Monday, October 14, 2019

Post Hayle

Saturday Leftover Day.

I know I am late with this 'saturday' post, but there was a lot of scanning and cleaning to be done to make it as complete as possible.

I recently bought an issue of the fifties men's magazine Jackpot. The reason I bought it, was that I had seen on eBay that the art editor was comcis book artist and later newspaper strip creator Howie Post. In the late fifties, like everyone in the business, he was struggling for a job. After doing some excellent work for Stan Lee's Mad magazine imitation (where he was the only artist clearly writing his own stuff) he did some not so impressive work for some of the other Mad magazine imitators (all shown in my book Behaving Madly). He had not yet tarted working at Harvey, where his career got a second wh=ind when he illustrated Hot Stuff, Spooky, Wendy and even Casper. Later it would get a third wind when he created the newspaper strip The Dropouts. So this probably was just another gig to pay the bills. But apart from art editing, he also did a couple of (unsigned) illustrations and a signed pin-up in his best Petty/Vargas style. Most of these are recognizable, because Howard Post could not help but drw cute, however scary of sexy he tried to be.

The big surprise however, was that Howard Post wasn't the only interesting artist in that magazine. There also was a four page article (and a cartoon) that solved a mystery for me that I hadn't been able to solve for Behaving Madly. In the late fifties and early sixties a frequent artist in the Mad magazine imitations (mainly Frantic, Zany and the early Cracked) was a 'modern' artist signing Sam Hayle. He was quite good and quite humorous. But apart from his name I could not find any information about his. And here in Jackpot #2 he was again, with a four page illustrated piece just about him. The woring of the intro to The Twisted World of Julius Hayle even suggests he might have been i other issues as well. I have #2, I wonder how many there were. Seeing him named as Lucius Hayle here, made it possible for me to identify him (probably) als Samuel Lucius Hayle, born in 1911 and died in 1996. That would fit the description as him not being an "angry young man". As Lucius Samuel Hayle he also gets a mention in the online description of the Monogram musical feature Silver Skates, as "New York artist Lucius Samuel Hayle" who "completed 'special posters' for the film".


The unsigned drawing next to the contents page could be by Howard Post.


Post did spot drawing like this for Thimk, one of the Mad magazine imitations he worked for.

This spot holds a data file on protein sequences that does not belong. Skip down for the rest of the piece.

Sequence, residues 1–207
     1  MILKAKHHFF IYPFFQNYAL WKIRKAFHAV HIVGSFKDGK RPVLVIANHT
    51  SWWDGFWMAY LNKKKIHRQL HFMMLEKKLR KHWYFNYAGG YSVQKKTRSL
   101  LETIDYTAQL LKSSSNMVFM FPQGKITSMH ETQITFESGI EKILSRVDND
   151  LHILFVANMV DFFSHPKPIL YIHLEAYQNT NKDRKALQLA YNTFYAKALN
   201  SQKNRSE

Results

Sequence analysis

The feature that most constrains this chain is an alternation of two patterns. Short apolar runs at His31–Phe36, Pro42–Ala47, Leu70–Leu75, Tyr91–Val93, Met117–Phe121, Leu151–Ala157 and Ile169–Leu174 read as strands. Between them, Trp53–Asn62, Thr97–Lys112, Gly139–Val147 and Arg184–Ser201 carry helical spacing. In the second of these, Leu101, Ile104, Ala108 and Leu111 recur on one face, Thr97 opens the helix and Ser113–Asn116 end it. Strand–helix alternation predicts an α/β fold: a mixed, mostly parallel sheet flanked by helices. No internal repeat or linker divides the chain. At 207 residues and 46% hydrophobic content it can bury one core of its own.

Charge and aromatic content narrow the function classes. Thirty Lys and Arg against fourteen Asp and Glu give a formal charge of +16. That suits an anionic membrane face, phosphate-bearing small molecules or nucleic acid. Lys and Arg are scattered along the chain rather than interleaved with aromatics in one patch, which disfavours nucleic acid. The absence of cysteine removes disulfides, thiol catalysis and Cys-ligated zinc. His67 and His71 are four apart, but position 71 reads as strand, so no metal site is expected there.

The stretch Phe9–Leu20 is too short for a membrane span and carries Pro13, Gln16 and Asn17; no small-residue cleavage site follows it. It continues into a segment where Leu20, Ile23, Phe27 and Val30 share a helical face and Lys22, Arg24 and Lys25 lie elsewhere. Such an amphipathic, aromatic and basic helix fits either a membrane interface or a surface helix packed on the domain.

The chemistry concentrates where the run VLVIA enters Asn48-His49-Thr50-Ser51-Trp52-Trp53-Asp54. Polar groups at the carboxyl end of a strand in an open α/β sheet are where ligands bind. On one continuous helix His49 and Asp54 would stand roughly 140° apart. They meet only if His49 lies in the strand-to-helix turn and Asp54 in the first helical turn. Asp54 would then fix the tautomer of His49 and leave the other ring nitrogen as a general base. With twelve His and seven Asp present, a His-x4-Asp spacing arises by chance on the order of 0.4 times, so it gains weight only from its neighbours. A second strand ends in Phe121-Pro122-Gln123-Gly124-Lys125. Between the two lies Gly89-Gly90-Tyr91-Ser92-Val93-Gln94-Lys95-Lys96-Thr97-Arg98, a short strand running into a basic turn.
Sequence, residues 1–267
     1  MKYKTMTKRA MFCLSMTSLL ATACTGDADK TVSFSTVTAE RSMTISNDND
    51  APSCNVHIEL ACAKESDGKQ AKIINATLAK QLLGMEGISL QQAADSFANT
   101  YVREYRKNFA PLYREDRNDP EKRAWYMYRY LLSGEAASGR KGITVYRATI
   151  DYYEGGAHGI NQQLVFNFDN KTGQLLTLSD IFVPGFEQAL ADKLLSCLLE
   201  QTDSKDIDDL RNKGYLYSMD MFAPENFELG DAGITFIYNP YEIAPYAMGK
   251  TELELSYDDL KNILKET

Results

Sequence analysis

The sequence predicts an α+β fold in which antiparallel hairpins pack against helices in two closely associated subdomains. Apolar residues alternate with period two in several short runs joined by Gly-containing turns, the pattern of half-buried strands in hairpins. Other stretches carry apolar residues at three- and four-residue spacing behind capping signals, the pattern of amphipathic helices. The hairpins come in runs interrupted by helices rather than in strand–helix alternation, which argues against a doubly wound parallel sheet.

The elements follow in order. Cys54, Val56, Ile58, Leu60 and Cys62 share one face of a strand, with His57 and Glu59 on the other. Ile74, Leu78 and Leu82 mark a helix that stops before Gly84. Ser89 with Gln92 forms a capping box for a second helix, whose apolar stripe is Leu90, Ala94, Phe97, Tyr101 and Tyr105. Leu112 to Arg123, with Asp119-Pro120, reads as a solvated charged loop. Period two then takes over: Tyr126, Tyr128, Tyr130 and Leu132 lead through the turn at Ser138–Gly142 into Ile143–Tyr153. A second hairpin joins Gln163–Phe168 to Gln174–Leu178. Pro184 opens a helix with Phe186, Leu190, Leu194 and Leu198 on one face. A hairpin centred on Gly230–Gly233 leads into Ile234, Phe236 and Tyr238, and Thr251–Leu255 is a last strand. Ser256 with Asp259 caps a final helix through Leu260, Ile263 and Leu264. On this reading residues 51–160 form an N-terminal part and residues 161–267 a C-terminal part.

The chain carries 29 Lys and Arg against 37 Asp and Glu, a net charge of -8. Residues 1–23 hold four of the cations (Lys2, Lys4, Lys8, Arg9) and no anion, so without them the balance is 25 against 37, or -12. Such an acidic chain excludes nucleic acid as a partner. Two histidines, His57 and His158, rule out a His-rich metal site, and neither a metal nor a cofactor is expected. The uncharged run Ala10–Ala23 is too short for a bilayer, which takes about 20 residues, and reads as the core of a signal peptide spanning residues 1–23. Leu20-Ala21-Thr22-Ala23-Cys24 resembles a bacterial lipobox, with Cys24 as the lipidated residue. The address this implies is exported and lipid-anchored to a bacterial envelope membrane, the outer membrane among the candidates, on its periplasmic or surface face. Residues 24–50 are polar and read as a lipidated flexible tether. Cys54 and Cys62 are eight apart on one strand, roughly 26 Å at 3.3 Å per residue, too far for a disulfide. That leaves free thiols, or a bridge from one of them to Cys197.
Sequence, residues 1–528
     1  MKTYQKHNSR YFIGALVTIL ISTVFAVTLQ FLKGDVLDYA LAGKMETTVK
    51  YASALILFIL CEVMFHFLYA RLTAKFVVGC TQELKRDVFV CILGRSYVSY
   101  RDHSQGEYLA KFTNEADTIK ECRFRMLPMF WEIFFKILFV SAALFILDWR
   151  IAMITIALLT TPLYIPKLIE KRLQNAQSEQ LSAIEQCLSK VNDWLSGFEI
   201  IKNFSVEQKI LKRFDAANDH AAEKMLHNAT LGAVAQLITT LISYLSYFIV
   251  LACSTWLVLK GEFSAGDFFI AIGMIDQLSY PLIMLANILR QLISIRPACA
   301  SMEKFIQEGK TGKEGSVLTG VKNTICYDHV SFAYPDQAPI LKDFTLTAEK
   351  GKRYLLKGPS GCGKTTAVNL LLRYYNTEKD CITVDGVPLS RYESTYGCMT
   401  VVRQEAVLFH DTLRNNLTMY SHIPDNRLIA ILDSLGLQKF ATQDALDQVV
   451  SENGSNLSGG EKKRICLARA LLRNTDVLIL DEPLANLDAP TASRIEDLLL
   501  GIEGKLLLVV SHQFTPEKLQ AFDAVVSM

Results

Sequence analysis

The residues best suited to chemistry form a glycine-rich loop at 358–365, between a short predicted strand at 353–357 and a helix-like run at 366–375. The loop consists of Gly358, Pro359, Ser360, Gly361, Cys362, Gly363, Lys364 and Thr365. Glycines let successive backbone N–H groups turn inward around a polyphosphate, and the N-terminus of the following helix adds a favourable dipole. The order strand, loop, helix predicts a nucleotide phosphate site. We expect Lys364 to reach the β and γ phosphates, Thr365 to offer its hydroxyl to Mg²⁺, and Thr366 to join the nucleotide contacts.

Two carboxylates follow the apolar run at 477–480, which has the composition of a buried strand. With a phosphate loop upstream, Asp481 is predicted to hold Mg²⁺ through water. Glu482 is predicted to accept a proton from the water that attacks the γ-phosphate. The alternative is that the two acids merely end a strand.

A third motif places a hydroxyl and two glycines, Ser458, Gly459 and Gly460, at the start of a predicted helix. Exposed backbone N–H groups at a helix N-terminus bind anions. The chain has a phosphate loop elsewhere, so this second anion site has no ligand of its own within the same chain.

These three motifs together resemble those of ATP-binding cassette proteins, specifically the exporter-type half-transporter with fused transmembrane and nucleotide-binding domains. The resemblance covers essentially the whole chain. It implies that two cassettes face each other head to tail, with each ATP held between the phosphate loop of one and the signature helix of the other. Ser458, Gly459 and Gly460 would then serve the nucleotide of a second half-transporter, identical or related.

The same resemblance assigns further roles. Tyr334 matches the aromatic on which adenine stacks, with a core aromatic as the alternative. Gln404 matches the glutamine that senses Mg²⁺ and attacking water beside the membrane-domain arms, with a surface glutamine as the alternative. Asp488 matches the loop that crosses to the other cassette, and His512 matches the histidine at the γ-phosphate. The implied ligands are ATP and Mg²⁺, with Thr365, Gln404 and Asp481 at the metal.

I don't think the illustration on the left is by Post, but the vignette with the naked ladies is just cute enough to be by him.


This parody ad is similar enough in humor to his saire work to be by Post. In any case, it is worth showing for it's Mad/Trump/Humbug style.


And this is the masterpiece, of course. A signed pin-up. Makes me curious about the other issue(s).


Her is Julius Hayle's satirical article on coffee drinker.


Finally, for this gag Hayle chose a different style than his normal simplified one.

Saturday, October 12, 2019

Completely Bonkers

Sunday Deja Funday.

On Sunday you will see more of strips, cartoons and artists I have shown before. I am constantly surprised how many of my earlier posts are unknown or forgotten.Adding new strips to that roster is my way of getting you to look back at some posts of the past. Idealy I gather them myself and ad then here, but that is usually a time consuming proces.

So here are more samples of Virgil Partch's sixties and seventies Sunday version of his daily cartoon series Oh, George. Virgil Partch (better kown as VIP) had a terrific sense of humor and a unique drawing style that shook a lot of cartoonists out of their comfort zone. B.C.'s Johnny Hart stated in his intreview in Hogan's Alley that he got the confidence to develope his own style, when he saw how far off the beaten path artch dared to go. Unfortunately Oh, George, coming later in his life and career, seems like a sort of dumbed down and normalized version of that style and humor. But it still is a remarkable strip - if maybe a bit mysogynistic for these days (and even back then). It is supposed to help that George himself does not come off too good either.

I have started collecting all my color Sunday for 1960 and 1961 and although I am not done yet, I will finish it here.